The federal government is canceling the search for a new FBI headquarters, according to officials familiar with the decision, putting a more than decade-long effort by the bureau to move out of the crumbling J. Edgar Hoover Building back at square one.
The decision follows years of failed attempts by federal officials to persuade Congress to fully back a plan for a campus in the Washington suburbs paid for by trading away the Hoover Building to a real estate developer and putting up nearly $2 billion in taxpayer funds to cover the remaining cost.
Officials from the General Services Administration, which manages federal real estate, said they plan to announce the cancellation in a phone call with bidders and in meetings on Capitol Hill on Tuesday morning. They spoke on the condition of anonymity because they were not authorized to disclose the decision before it was announced.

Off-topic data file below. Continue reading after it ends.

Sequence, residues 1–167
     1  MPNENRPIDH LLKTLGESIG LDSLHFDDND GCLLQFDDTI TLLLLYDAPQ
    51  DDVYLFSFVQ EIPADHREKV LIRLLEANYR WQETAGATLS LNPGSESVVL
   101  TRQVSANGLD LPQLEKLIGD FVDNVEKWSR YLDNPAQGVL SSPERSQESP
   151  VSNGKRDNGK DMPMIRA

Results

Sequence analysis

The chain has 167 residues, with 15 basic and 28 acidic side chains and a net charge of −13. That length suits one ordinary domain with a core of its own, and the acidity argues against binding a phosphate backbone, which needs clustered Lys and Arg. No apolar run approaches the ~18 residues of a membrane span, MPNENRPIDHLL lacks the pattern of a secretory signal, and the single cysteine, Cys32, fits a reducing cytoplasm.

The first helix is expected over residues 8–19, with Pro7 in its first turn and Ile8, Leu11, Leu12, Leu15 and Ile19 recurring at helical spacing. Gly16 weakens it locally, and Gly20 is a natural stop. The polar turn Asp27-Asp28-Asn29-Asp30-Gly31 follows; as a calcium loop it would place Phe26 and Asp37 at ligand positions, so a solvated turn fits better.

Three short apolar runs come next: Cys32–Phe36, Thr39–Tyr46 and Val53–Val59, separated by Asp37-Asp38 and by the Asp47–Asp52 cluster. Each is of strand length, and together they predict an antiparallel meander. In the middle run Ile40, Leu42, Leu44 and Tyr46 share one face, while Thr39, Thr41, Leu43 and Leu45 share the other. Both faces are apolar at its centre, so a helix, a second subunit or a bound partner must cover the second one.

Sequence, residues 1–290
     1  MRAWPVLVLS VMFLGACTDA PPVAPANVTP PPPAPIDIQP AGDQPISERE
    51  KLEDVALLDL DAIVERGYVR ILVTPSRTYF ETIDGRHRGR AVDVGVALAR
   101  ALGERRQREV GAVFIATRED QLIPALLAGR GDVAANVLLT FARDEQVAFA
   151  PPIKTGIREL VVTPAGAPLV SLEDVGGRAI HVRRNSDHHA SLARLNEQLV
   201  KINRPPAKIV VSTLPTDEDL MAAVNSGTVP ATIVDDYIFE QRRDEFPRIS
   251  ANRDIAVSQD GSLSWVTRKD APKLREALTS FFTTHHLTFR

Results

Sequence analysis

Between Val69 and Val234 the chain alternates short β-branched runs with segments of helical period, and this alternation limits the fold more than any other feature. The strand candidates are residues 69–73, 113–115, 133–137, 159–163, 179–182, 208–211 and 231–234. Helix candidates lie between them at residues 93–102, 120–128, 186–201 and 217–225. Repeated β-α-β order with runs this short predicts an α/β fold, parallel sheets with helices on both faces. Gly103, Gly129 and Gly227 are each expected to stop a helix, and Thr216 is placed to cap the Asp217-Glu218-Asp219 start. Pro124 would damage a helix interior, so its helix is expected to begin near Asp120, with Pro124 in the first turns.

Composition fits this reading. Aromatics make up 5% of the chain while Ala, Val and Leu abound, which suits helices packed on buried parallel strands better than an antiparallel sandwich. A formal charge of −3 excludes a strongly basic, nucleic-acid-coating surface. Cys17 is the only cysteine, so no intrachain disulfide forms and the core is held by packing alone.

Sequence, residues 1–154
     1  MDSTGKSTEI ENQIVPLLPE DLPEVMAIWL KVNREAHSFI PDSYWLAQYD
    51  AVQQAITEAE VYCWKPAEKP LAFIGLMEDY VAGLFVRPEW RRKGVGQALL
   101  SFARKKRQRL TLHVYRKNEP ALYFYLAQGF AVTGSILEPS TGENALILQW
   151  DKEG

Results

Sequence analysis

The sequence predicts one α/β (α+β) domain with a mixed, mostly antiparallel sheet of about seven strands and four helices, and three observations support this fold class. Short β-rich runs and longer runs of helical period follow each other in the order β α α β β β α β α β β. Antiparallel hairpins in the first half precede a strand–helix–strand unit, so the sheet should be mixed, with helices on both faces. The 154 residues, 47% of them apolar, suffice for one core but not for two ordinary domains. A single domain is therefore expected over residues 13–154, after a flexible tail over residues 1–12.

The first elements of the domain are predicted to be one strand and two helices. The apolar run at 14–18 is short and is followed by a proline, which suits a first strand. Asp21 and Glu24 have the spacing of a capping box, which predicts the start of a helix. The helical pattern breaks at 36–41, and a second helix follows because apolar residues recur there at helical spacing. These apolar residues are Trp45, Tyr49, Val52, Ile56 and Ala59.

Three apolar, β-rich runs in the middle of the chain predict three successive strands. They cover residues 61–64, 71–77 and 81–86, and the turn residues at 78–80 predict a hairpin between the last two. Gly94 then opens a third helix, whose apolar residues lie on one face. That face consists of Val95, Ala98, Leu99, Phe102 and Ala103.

For years, FBI officials have raised alarms that the decrepit conditions at Hoover constitute serious security concerns. But the plan to replace the building grew mired in a pit of government dysfunction and escalating costs with no end in sight.
Officials and executives involved in the process also said a lack of permanent leadership at both agencies could have hindered the case for funding.